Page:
How I teach mixing to high schoolers

I’ve been teaching Mixing and Mastering as an early project in my advanced Music Tech course for about 6 years, and I’ve found it to be one of the more challenging and rewarding parts of the curriculum.  It’s easy to pick an assignment that is either too hard or too simple, and ignore the practical elements of mixing.

Somewhat controversially, I teach mixing using Ableton Live.  I do this because I like using this software.  Specifically, I feel that track groups are a superior tool for a beginner compared to auxiliary sends.  Since Ableton can do both (and most other programs only use aux sends) I prefer using Live.

The process

For this project, I use a “raw” Recording Club project – that is, one with all the multi tracks recorded but no mixing applied to it.  To keep the project organized, I have pre-organized the set into Drum, Guitar and Vocal groups.

We start with the Guitars.  In our set, the guitars were recorded D.I. style – no amps of any kind were applied.  This frees us to pick the guitar sounds using Ableton’s Amp and Cabinet effects.  We spend a day learning about what different combinations of amp and cabinet sound like and apply them to our tracks.  We also apply high-pass filters to both guitar parts and compress the Guitar track group.

Next, we mix the vocals.  Using only the track group (the sub-tracks represent individual takes) we apply a high-pass filter, compression, simple delay (time-based to about 100ms with about 20% dry/wet), reverb, and possibly overdrive/saturator to get a “live” Rock sound.

Then, we mix the drums.  Because drums are the trickiest to mix I teach drum replacement for the kick and snare tracks.  Using Ableton’s “Convert Drums to new MIDI track” feature we isolate the snare and kick notes and replace those notes with a superior drum sound.  We then turn down the cymbal overheads and compress the Drums track group.

After applying a final mix among the three groups, we apply Full Chain Master to the master track to get the track up to standard volume levels.  To test the master quickly, we simply play our song at the same time a track from iTunes (at full volume) of the same style is playing.  If we can hear both at the same time and with the same basic frequency content, we’re good to go.

Unpacking the process

So, my readers may be in two camps over this project.  One camp is frothing at the mouth over my oversimplification of the mixing process.  To those, I apologize – I have attempted in the past to further explore the nuance and personal choice a true engineer experiences and it complicates the project too much for the average student trying to keep up.

To mention the point of drum replacement specifically – I do demonstrate how proper recording, mic choice, placement, and room can influence a drum sound.  Then I conclude that we do not have the proper environment to achieve this without doing human single-drum overdubs, which are simply not in our league.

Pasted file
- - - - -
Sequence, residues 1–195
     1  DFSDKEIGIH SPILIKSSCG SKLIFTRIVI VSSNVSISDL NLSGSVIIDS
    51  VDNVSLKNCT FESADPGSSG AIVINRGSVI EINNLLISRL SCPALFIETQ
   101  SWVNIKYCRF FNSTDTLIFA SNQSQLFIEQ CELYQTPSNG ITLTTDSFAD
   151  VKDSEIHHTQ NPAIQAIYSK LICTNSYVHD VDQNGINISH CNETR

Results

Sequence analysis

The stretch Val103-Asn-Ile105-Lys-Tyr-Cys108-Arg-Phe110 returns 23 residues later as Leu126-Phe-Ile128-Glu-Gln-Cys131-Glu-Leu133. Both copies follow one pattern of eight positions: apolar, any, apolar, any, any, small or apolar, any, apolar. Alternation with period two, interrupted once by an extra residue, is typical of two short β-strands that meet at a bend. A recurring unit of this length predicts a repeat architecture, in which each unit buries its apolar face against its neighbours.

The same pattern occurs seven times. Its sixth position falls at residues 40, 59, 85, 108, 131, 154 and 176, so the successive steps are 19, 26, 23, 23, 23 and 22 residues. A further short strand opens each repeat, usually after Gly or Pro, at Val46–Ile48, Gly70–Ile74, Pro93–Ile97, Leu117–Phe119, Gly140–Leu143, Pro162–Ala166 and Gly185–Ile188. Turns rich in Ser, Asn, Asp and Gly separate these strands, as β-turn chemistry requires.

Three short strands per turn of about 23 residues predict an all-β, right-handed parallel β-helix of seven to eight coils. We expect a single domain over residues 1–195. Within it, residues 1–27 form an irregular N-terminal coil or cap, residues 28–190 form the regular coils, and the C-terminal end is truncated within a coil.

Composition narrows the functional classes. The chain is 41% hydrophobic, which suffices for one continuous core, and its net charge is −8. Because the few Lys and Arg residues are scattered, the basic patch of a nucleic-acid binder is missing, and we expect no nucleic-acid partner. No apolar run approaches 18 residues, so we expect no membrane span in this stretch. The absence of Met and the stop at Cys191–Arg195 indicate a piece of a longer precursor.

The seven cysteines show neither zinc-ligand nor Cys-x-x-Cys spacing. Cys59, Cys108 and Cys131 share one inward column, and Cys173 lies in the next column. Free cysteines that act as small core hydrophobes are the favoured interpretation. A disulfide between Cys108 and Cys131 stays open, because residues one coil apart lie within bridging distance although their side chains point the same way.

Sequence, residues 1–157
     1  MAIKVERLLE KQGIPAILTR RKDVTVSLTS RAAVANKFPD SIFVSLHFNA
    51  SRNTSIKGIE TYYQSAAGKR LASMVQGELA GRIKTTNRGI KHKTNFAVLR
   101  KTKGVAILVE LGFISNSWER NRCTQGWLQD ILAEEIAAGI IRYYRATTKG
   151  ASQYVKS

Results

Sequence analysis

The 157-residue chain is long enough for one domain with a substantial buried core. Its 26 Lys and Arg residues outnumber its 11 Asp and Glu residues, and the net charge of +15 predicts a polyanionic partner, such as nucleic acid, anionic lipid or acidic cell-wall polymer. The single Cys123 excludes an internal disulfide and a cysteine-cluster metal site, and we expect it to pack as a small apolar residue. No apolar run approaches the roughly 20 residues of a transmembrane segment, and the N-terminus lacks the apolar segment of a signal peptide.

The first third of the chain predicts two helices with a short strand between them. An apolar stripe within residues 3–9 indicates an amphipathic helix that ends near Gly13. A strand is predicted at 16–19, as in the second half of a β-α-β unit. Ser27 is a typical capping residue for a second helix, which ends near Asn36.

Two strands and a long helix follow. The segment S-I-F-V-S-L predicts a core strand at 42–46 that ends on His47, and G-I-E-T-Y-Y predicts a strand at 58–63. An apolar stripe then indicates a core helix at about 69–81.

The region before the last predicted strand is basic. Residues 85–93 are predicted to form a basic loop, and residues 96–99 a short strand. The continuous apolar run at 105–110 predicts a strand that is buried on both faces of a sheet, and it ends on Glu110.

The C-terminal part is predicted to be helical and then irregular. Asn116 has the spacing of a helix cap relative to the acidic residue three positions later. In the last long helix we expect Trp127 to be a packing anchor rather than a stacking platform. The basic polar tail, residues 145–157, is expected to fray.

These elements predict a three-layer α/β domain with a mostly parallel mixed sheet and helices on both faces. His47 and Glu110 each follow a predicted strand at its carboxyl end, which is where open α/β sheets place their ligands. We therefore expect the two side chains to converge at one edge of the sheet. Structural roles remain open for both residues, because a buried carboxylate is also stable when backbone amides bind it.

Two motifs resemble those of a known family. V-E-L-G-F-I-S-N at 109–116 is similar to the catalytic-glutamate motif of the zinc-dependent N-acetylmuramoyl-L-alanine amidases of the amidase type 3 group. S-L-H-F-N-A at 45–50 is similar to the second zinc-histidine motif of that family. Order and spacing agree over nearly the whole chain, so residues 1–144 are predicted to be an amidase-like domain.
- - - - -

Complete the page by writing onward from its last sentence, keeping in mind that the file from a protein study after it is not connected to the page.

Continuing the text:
Another camp may be wondering how I’m teaching mixing at all, and where I got these multitrack recordings from – simply put, it took a lot of time to collect material that works for this project.  I’ve tried songs from classes I have taken as well as ones I have helped record and mix, and right now the track included in this post is doing the trick.  This is the only project I do where the students all work on the same exact song, and it amazes me how differently the tracks can turn out.

How it turns out

Here’s how the track sounds when they start:

Here’s the example that I mixed along with the students – not perfect, but I don’t think it sounds too shabby.  Loud drums, live vocals, and nice sounding guitars:

And now for a couple students’ versions – first, one with the very common issue of the voice sitting too loudly in the mix:

And another common problem, the voice sitting to soft in the mix:

This one sounded like a fairly good mix, although the voice could use a little bit more effect – compared to the rest of the track it sounds raw.  I love the Dick Dale-style guitar delay.  Overall pretty good though:

And finally, what happens when drum replacement goes wrong.  Basically what you’re hearing is a Drums-to-MIDI track made from an overhead track rather than a spot mic track.  Also, the student used the default 808 drum kit sounds, rather than a suitable replacement:

Moving ahead with mixing

Even though my advanced Music Tech class is not all about mixing and recording, doing this project immediately makes students more sensitive to the ideas of balance, mastering and complex effect chains.  Of course, before doing this project we have to cover dynamic processors (gate, compressor, etc.) pretty extensively – it would be a lot to introduce those concepts along with the mixing issues.

I have noticed that the earlier I put this project and the more thoroughly we produce these mixes, the better subsequent projects sound.  Mixing a typical rock song actually opens students to making more complex and detailed electronic music, and allows them to explore the possibilities of the effect chain and track groups.


Click here to download the Ableton Packs for the unmixed version and my mixed example version.  These use effects that require Ableton Live 9 Suite edition.

Unmixed version
Mixed version

Author: Will Kuhn

I teach music technology to high schoolers. I do some other stuff too. @willkuhn on Twitter.

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